Since 2011, Traveling Spoon has been expanding culinary tourism into the homes of countless locals eager to share their cooking and culture with the world’s travelers.
Steph Lawrence and Aashi Vel, featured in ELYSIAN Summer 2018, are the founders of Traveling Spoon, a start-up that curates in-home meals for travelers looking for an authentic, local culinary experience in 110 destinations across 40 countries. You simply sign up, visit your host’s home and enjoy a home-cooked meal that captures the culture of your destination.
ELYSIAN had the pleasure of following up with these clever businesswomen to learn a bit more about the childhood experiences that inspired the launch of their culinary adventures. Additionally, we caught up with Traveling Spoon member, “Karen E.” to get some insight on what it’s like to be on the other side of the spoon.
The comforts (and comfort foods) of home
Aashi grew up in South India, the middle child between two brothers. The tradition in her family was to have a special family lunch on Saturdays. “My dad would try and teach us about self-control, so this was the day we couldn’t eat meat. That vegetarian meal was so delicious, I still love making those traditional dishes.”
Saturday lunch at the Vels:
- Rasam (a peppery tomato broth eaten with ghee and rice)
- Beans poriyal (finely chopped green beans, stir fried with curry leaves, onions, mustard seeds and garnished with freshly-grated coconut)
- Masala fried potatoes or tapioca
- Mutter aloo (peas and potatoes in a ginger, garlic and tomato base)
- Dahi vada (lentil and rice dumplings in a savory yoghurt sauce)
Steph, also a middle child of three, grew up in Boston and admits to having an admiration for all kinds of cheese. Every day her mom would make an open-faced toasted cheese sandwich, or a “cheese toasty,” something that Steph now considers her own go-to comfort food. “My friends ask me to make them a cheese toasty all the time,” she says, though Aashi is quick to point out that Steph is more famous for making those Chinese dumplings she had once set out to perfect. While Steph never found a Chinese grandmother to tutor her, she did find a woman in Beijing who showed her the secret behind the perfect filling for pork and cabbage dumplings. Hint: Timing is everything.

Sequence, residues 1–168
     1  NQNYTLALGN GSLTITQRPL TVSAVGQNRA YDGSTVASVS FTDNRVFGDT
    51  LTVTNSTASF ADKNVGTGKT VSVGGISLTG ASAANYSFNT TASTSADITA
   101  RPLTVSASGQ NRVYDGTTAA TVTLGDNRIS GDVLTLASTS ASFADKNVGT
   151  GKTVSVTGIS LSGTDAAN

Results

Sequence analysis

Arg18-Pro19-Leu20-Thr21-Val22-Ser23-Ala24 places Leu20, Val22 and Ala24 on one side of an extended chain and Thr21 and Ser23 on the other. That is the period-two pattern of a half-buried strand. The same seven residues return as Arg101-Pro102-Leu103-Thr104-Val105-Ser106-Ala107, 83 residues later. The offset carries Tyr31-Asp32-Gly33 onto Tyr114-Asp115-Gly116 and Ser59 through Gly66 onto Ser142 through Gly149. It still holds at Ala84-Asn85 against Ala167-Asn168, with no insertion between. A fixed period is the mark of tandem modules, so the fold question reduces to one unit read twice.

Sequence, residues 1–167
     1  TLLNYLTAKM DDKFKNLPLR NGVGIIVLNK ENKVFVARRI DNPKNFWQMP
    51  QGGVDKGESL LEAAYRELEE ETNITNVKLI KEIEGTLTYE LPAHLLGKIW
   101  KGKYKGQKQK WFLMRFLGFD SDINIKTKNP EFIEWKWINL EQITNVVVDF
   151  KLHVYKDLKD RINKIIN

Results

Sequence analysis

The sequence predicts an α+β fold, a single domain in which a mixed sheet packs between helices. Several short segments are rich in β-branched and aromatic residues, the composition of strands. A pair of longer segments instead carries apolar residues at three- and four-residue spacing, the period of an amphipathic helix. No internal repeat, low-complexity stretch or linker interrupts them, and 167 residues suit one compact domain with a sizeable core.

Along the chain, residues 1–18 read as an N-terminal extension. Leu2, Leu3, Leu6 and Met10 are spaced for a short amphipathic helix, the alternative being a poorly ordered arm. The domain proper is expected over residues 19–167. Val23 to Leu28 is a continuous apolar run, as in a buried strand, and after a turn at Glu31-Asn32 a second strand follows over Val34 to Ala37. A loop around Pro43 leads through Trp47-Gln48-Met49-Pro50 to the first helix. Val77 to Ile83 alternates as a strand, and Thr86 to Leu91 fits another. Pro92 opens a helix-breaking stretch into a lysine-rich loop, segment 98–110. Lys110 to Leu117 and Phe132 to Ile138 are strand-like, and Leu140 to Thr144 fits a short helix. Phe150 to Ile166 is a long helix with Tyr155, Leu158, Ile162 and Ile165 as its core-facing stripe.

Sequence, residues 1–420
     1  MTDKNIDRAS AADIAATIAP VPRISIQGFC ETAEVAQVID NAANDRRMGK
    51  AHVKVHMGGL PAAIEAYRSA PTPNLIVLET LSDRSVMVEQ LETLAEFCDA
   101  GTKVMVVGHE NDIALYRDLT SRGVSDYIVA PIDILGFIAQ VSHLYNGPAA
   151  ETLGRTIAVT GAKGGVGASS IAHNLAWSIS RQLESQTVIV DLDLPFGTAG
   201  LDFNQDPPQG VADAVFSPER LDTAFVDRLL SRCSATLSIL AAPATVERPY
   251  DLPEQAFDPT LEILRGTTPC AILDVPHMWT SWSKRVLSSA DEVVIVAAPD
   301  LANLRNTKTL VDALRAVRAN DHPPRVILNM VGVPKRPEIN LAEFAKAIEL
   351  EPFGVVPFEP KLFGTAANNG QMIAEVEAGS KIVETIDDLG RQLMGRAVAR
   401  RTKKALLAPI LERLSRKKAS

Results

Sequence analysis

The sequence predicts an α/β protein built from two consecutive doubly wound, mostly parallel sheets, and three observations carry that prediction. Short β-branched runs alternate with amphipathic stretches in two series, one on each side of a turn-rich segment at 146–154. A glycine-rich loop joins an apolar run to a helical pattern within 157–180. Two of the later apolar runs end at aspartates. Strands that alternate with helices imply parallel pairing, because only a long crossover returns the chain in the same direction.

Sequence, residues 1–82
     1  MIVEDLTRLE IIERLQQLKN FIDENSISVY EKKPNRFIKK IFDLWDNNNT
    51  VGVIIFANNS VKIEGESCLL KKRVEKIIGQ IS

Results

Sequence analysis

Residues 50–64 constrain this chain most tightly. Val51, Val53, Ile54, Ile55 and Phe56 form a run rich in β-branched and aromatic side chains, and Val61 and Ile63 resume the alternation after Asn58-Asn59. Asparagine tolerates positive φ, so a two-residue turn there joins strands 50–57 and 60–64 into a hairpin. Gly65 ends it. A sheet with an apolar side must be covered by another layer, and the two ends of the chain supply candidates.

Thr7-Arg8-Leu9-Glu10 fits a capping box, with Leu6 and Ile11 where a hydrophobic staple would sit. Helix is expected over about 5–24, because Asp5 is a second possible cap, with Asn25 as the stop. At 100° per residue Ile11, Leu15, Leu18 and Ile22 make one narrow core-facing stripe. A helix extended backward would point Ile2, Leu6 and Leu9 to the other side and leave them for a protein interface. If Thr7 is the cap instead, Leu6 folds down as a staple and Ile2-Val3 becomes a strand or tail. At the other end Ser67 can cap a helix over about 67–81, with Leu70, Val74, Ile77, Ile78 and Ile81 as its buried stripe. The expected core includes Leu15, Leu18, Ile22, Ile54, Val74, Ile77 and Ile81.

One traveler’s meal to remember in Bali
Traveling Spoon member “Karen E.” lives in Singapore and travels often for work and leisure. Bali is one of her favorite destinations and, in January 2018, she booked an in-home meal and cooking preparation experience there for herself, her husband, and two friends. She says she learned more about Bali from her Traveling Spoon host than she ever had before from tour guides or by exploring the island on her own.
Tell us about your host.
Dewa is one of those individuals who oozes positive vibes. From the moment we met Dewa until our return to our lodgings, he was humble, informative, kind, genuine, and absolutely patient. He shared stories and history the whole time – while we walked through the village leading to his home, when we arrived at his home, while we cooked, and all the moments in between and afterward.
Describe the meal you shared and your surroundings.
The meal was most excellent and definitely the highlight of our trip. With Dewa’s guidance, we prepared bregedel jagung, tum chicken in banana leaf, tempe manis, and jukut urab. Dewa asked each of us to help with the slicing, chopping, cleaning, cooking, and other miscellaneous tasks. The cooking experience was fantastic, but it was difficult to concentrate due to the breathtaking scenery in the family compound. From the ferns and flowers to the traditional Balinese style home, everything was beautiful – like cooking within a garden! Dewa also worked with our dietary restrictions, helping us prepare an entirely gluten-free and MSG-free meal.
What did you learn about your host’s culture that surprised you?
The Balinese people, in large part, cook with ingredients that are grown on the island. They are resourceful, living on what the land provides.
Have you incorporated any of these traditions into your own?
Eating in silence is mindfulness. In American culture, it may be said that a couple not speaking over a meal is indicative of individual differences. In my Chamorro culture, sharing a meal with lots of talking and laughter is ideal. In fact, the more the merrier. However, we have now begun to incorporate and embrace an element of mindfulness during our meals at home.
How did this experience enhance your trip?
Traveling Spoon curated a unique cultural cooking experience that enabled us to learn and understand more about the island that we absolutely adore.